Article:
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LGahr

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I have collected my little band of geldings and most of them drive. One we have not been able to find a breeching small enough for--even the one we had made does not look comfortable so I got some "thimbles"

but not sure wehre to start. Anyone else use them?

I know some people think breechings are not necessary but my land is rolling and I do not have a straight flat area that is adequate so looking for alternatives. Thanks!
 

Alex

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Showing in 4-H, I always have to have bretching or thimbles.

You can PM me with specific questions if you wish.
 

Sue_C.

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I have used thinmbles, but found that on hilly land they aren't really much more use that the wrap-straps. I have used what is called "false breeching" for several years now, both in and out of the ring with success. You can find more about them if you just Google for them, I'm sure, if not, PM me for some pictures.
 

susanne

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I'd like to hear more about the false breeching, and I bet others would, too. Can you discuss it more here on the forum rather than just on a PM? Thanks!
 

Sue_C.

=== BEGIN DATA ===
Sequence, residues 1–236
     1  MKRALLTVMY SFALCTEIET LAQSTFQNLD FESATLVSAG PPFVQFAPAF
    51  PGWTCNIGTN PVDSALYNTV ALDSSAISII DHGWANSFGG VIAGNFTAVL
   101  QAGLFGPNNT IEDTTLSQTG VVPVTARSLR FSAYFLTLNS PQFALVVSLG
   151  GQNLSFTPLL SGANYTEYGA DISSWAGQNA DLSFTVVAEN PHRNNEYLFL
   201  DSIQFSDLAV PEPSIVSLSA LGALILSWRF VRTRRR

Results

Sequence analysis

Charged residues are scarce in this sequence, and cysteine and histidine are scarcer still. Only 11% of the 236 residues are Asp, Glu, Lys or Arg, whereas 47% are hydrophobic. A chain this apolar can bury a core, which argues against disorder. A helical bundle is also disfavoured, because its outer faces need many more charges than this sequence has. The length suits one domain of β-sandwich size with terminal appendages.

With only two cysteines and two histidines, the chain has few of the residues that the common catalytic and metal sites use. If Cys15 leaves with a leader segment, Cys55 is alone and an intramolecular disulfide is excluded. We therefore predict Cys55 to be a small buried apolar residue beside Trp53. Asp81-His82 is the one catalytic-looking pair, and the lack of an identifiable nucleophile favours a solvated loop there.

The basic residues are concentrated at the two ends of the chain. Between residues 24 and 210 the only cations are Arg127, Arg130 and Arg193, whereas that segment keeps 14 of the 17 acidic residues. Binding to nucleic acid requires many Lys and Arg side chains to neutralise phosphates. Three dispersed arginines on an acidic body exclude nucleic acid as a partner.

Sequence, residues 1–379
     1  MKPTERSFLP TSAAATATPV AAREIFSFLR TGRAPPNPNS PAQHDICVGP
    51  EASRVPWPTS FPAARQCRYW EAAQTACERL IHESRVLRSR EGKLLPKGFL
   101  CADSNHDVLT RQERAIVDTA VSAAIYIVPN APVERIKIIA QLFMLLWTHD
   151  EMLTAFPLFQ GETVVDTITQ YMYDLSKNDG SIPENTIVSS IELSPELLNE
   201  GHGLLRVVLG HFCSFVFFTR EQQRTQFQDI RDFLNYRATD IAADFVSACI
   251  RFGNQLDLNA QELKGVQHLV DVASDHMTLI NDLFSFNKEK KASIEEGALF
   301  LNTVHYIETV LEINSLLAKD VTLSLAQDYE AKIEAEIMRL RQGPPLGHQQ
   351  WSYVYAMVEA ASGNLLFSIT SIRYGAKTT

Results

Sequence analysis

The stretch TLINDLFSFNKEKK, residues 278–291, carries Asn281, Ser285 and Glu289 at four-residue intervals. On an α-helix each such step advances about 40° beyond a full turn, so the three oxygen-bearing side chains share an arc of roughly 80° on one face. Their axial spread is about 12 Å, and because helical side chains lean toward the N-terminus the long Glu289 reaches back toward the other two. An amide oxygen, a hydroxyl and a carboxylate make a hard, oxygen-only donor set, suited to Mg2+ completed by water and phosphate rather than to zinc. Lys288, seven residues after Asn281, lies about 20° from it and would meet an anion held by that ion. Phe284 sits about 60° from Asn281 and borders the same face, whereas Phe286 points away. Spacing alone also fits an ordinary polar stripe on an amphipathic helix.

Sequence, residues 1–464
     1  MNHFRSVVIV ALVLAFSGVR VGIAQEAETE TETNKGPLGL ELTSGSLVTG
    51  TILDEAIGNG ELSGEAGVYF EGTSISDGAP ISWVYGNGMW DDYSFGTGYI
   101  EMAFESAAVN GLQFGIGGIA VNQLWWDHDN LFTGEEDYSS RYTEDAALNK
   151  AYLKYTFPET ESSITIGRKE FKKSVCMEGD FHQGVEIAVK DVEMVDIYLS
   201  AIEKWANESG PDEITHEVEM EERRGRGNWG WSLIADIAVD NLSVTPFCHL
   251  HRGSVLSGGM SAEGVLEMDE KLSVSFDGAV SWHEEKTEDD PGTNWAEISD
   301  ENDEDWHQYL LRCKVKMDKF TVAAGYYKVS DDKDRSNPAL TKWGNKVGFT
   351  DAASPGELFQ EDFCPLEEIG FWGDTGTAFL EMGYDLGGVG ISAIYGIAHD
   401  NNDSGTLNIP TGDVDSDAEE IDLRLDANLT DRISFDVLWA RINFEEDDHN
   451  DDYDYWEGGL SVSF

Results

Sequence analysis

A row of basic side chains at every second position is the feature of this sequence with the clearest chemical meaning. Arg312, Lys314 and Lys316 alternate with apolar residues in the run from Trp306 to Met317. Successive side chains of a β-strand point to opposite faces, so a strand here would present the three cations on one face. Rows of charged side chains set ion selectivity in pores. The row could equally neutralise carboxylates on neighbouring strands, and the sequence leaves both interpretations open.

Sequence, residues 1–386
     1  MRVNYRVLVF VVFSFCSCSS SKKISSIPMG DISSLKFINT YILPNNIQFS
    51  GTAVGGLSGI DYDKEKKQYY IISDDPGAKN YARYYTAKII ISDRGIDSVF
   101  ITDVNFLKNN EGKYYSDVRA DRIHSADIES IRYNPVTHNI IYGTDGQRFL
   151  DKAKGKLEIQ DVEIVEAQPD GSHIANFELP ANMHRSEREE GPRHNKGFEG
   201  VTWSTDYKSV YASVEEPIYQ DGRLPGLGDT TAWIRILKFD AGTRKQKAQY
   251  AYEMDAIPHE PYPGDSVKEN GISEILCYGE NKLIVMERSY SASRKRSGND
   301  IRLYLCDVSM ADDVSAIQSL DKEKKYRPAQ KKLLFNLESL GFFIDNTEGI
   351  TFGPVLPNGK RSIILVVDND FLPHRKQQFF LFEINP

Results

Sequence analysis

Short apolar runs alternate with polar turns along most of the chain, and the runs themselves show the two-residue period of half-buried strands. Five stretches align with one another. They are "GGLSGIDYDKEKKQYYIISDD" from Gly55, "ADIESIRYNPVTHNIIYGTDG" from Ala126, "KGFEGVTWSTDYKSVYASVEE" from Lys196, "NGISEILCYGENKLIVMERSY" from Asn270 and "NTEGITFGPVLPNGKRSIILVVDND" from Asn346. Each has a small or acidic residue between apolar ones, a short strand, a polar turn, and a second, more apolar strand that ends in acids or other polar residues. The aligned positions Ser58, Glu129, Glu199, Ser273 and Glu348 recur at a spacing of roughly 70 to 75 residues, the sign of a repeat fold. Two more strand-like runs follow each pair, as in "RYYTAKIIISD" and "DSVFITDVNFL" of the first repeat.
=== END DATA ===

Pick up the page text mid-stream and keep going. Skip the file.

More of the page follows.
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Bad timeing, my desktop just died, and it has all my pictures. :DOH!
Hopefully, I can get it back up and running ASAP.


I will see if I can find some pitures for you elsewhere, and will post the links.


A false-breeching is connected to the shaves, rather than the horse, or harness. I have mine adjusted so that it barely touches the horse's rump when standing still, allowing for the freedom of movement when the hind legs are at thier furthest extension to the rear. Like a "proper" breeching, it really only comes into play when going down hills, or when backing the horse.
 

Margo_C-T

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I have seen photos of false breeching, but can't for the life of me remember WHERE!

It is just a strap that goes across from shaft to shaft behind the horse, basically...but Sue, how do you attach it to the shafts so that it wouldn't just 'slide' back along the shafts when engaged? Do you have footman loops or similar hardware that you 'thread' the ends of the strap through?

I have tried thimbles; didn't much like them. There is too much possibility of a 'slingshot' effect when stopping or even backing to suit me. Proper adjustment will help, but not eliminate, this phenomenon. The harness saddle may still be 'tilted' and 'dig into' the horse's back, and/or just put too much pressure over the relatively narrow 'base' of the harness saddle, IMO.

I don't believe there is ANY really GOOD 'substitute' for genuine(and of course, properly adjusted!) breeching. If you are willing to pay for it, it can be custom-made to fit ANY horse, I believe--and if I had 'hilly' country to drive in, I'd want NOTHING else but the 'real deal'!

Margo
 

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